2SLGBTQI+ workers often examine their work environment and the people they work with, especially their leaders, to determine whether it’s an inclusive space where they can be their authentic selves. It’s important for leaders to show acceptance and inclusion outwardly and consistently at work, not just during Pride season. Leaders should also model and communicate expectations for tolerance and respect at work. Below are 10 ideas to show your commitment to DEIB at work this Pride season and onward.  

1: Prioritize Diversity 

Many recent studies show that diversity strengthens companies. Diverse teams are generally more innovative, creative, and even smarter than non-diverse teams. Provide a diversity policy to set clear guidelines for recruiting and managing a diverse workforce. Recruit more intentionally by:  

  • Posting on job sites that are 2SLGBTQI+-friendly;  
  • Sponsoring Pride events;  
  • Sharing allyship stories in external campaigns to build brand awareness; and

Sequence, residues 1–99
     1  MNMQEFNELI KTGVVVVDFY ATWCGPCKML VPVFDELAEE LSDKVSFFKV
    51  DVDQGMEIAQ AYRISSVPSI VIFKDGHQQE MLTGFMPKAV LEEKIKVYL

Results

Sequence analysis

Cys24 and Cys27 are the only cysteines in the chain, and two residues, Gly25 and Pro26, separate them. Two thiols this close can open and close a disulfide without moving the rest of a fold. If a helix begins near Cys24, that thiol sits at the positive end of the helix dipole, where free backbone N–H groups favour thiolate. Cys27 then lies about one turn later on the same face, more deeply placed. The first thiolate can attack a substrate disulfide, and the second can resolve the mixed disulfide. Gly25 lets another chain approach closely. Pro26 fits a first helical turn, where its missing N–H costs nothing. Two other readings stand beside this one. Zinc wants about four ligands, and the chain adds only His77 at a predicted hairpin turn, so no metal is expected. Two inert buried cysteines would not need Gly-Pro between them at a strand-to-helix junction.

• Ensuring all job postings use gender-neutral language.  

2SLGBTQI+ workers may lack belonging if they perceive they are the “only” one at work with their gender identity or sexual orientation. Ensure the leadership team making decisions within the company includes diverse individuals who can understand and elevate the needs of 2SLGBTQI+ and other equity-deserving groups.  

2: Update Policies to Protect Workers 

Society is increasingly welcoming of 2SLGBTQI+ persons, but some workers and customers continue to bully, harass, discriminate against, or commit acts of violence towards 2SLGBTQI+ employees. To avoid this kind of treatment at work, many employees hide or change their behaviour or how they dress and express themselves.